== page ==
The traditional "around-the-tree" technique, the two-loop or "bunny ears" method, and the "magic fingers" technique are some effective ways to teach a child to tie his shoes. The most effective technique depends on the child. Some children easily memorize the steps involved in a standard shoe lace knot and pick up this method quickly, while others have no trouble mimicking the magic fingers technique and prefer it over others. All three methods begin with a left-over-right starting knot.
The standard shoe lace knot involves creating a loop with the right lace, encircling it with the left lace, and then pulling the left lace through the opening formed by the two laces. This traditional technique has several steps, and some children have trouble remembering which way to wrap the laces.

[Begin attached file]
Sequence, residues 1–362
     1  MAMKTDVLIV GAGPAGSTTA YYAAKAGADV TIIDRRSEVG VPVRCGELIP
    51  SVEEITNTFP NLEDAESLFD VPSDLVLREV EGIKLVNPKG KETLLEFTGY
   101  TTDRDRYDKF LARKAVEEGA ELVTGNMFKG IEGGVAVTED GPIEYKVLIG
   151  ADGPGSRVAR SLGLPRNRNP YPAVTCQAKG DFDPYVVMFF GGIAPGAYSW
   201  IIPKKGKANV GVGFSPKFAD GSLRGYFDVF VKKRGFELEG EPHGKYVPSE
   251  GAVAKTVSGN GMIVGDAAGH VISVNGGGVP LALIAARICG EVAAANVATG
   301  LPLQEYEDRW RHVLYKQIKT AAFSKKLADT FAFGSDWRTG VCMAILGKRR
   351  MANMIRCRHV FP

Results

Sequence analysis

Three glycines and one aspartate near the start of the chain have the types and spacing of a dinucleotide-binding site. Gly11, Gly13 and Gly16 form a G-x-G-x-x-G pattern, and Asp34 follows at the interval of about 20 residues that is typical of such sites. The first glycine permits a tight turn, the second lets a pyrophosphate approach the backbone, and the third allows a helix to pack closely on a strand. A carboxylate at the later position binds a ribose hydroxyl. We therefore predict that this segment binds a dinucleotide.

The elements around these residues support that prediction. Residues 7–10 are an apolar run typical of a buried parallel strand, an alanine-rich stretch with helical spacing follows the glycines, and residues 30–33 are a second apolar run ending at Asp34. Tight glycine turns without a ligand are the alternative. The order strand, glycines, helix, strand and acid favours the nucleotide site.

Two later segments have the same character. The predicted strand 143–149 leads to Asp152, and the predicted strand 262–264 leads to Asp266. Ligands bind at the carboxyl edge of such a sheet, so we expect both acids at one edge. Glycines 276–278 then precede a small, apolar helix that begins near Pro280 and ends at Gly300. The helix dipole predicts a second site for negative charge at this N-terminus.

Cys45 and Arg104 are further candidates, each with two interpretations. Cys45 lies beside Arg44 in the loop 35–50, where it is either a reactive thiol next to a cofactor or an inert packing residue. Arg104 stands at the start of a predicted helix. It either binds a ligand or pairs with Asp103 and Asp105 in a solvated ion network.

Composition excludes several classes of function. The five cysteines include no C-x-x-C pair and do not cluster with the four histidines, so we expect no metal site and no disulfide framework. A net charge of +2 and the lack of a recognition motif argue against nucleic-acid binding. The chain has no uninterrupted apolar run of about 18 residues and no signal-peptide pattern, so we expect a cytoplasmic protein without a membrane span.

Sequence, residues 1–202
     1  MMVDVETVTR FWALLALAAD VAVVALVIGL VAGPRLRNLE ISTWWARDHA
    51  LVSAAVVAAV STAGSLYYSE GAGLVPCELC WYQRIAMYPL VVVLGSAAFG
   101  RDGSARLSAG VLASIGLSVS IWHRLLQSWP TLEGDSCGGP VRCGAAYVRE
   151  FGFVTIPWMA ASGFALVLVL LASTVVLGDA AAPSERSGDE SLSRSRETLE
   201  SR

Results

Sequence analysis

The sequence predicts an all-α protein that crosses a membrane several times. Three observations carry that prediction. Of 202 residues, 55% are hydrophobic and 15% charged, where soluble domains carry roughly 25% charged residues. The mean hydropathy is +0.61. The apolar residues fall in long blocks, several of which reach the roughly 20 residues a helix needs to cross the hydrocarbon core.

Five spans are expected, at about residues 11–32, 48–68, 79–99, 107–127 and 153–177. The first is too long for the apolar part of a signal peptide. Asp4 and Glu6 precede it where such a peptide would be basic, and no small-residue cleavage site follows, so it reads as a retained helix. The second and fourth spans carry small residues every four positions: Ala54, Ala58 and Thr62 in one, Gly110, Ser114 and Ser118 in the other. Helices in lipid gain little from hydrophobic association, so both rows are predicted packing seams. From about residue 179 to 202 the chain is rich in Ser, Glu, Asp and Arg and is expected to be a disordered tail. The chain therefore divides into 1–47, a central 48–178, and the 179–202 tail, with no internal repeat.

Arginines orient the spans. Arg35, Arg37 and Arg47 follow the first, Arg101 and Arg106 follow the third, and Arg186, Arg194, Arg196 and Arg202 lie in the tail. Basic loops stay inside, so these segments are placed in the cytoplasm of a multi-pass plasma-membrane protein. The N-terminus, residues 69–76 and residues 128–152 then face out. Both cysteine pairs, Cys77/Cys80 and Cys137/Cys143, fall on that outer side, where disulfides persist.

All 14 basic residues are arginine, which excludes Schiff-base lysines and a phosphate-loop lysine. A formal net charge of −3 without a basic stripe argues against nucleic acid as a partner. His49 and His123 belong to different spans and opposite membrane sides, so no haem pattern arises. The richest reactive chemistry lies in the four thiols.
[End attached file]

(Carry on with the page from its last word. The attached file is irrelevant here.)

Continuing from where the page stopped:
The two-loop knot is easier to teach, but this technique does not always produce securely tied shoelaces. The child makes loops with both shoelaces, crosses the right loop over the left and pulls it through to produce the finished knot.
The magic fingers technique works well for both right- and left-handed children, and involves minimal steps. With this method, the shoelaces go over the thumbs and forefingers of the respective hands. The child twists his fingers to create loops in each lace and pulls the loops through to complete the knot.